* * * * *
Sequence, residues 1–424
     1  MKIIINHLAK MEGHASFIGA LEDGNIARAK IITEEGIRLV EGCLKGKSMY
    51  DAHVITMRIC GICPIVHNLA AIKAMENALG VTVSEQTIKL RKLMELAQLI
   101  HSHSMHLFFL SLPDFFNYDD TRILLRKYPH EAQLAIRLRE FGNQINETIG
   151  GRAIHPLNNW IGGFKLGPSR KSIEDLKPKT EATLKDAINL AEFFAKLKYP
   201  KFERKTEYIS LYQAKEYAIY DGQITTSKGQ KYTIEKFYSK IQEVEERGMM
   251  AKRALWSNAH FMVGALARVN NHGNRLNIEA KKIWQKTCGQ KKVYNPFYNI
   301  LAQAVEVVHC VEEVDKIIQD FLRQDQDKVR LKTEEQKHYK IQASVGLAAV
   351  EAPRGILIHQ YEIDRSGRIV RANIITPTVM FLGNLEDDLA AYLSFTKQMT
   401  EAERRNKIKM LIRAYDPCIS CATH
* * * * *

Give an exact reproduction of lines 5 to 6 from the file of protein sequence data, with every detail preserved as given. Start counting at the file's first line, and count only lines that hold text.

   151  GRAIHPLNNW IGGFKLGPSR KSIEDLKPKT EATLKDAINL AEFFAKLKYP
   201  KFERKTEYIS LYQAKEYAIY DGQITTSKGQ KYTIEKFYSK IQEVEERGMM